In it are frescos depicting Adam and Eve, what is assumed to be the three Mary's approaching the tomb, and the Good Shepherd image. The fact women were included on the walls of this house of corporate worship could be simple cultural style or may reflect something more. The fact their participation in significant Gospel scenes is noteworthy and should be considered against the more grating refrains chanting: " a woman must be silent", etc. Eve, and all of her daughters, would be constant and visual teachers of the Gospel message via the artwork.

The house consists of living quarters, afew smaller rooms, and a common room but apparently lacks the sexual segregation aspects often assumed of the synagoues. There is a baptismal area with a shallow pool indicating probably immersion was not practised in the house but this could have happened, as many have noted, in the river nearby if a believer or doctrine required.

This is important because it indicates something different was going on in the Christian worship site. While authors argue woman was segregated and the disciples addressed the males in their pastoral epistles, the house church seems to undermine that argument.

As one of the earliest church houses and containing important images (the earliest image of Christ was found there), the site is largely unknown. Far greater emphasis is on the Jewish synagogue and the implications of the Christian worship center are laregely ignored.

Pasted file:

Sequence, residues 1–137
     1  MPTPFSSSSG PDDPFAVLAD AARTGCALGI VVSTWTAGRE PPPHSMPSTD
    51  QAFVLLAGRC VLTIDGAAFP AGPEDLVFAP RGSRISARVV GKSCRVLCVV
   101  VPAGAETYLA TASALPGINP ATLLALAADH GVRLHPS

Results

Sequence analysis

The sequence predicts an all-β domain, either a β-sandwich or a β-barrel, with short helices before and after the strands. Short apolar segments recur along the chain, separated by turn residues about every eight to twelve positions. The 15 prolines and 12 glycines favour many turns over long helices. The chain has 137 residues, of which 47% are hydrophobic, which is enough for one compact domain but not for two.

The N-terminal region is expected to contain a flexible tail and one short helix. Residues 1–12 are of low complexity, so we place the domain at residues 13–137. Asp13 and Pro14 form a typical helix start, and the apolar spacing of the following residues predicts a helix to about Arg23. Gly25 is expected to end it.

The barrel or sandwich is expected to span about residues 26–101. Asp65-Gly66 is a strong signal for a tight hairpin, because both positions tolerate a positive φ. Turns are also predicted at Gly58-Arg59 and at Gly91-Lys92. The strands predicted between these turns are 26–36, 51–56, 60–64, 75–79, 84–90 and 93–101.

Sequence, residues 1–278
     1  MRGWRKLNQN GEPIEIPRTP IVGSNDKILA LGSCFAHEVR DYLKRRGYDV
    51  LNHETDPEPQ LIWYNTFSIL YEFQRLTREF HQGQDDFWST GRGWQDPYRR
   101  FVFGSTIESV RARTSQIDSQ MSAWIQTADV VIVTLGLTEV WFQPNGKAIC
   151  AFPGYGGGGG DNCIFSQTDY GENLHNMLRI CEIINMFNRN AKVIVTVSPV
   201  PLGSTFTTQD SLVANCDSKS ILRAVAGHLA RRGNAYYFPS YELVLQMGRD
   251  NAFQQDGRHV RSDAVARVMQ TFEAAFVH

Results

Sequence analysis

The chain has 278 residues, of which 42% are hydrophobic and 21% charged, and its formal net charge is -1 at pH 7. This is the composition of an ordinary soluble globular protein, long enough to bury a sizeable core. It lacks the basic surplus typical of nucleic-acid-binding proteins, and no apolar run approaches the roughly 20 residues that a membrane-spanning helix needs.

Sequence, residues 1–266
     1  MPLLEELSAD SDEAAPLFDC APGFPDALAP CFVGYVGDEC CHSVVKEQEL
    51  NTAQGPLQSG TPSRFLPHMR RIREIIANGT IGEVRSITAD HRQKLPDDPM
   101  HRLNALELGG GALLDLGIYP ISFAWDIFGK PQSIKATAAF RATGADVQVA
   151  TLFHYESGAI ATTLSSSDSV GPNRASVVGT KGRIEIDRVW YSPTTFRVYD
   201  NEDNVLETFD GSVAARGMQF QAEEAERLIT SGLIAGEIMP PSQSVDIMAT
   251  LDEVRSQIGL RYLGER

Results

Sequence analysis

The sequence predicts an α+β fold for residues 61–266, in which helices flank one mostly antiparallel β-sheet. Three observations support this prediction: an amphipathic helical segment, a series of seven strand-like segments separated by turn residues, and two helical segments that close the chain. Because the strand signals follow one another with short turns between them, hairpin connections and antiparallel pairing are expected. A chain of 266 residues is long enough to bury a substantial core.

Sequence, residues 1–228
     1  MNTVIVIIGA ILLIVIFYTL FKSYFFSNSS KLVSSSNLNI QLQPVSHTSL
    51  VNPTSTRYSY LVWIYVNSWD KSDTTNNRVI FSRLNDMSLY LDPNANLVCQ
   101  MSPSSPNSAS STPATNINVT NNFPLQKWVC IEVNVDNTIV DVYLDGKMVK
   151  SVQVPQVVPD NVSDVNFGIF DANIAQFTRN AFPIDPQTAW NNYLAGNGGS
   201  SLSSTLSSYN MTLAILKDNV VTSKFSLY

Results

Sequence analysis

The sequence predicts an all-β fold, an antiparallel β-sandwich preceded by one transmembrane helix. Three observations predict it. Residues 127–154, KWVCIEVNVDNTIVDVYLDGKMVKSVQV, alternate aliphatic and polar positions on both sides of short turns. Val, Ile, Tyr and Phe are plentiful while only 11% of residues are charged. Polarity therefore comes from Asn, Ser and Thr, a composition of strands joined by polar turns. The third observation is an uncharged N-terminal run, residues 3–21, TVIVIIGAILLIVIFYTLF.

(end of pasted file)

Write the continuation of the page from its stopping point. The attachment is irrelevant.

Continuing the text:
[Image public domain ]


"Brothers" or "Brothers and Sisters"?

As a child growing up in Kansas, the term ‘Guys’ had no connection to gender it was more an informal collective noun referring to any group of people regardless to sex. “Hey guys, let’s go play on the swings.” “Those guys over there want to play a game.” “Guys!!!! Wait up…..”

I remember the first time I used this outside of Kansas. Half of the assembled group responded with an irate: “What! We’re not guys!”

I wonder if someone had been writing down all the times I, and others like me, used the term informally as ‘people’, would they one day interpret that I had meant only the men? Maybe that is just what the issue of the New Testament use of the term ‘Brothers’ (adelphos) implies. Ancient sources reveal evidence that the masculine plural forms of the noun could, depending on contexts, have a gender-neutral sense and mean both sexes (see the Bauer-Arndt-Gingrich Lexicon (2nd ed., 1979).

A review of the uses of the term translated “Brothers”, indicates few instances where gender is an issue unless one is overly concerned with issues of male superiority, authority, or propriety. There are, however, in applying a strict rule, repeated problems challenging the scope of the Gospel presented, the membership of the ‘church’, and the attitude of the disciples to the followers.

Scope of the Gospel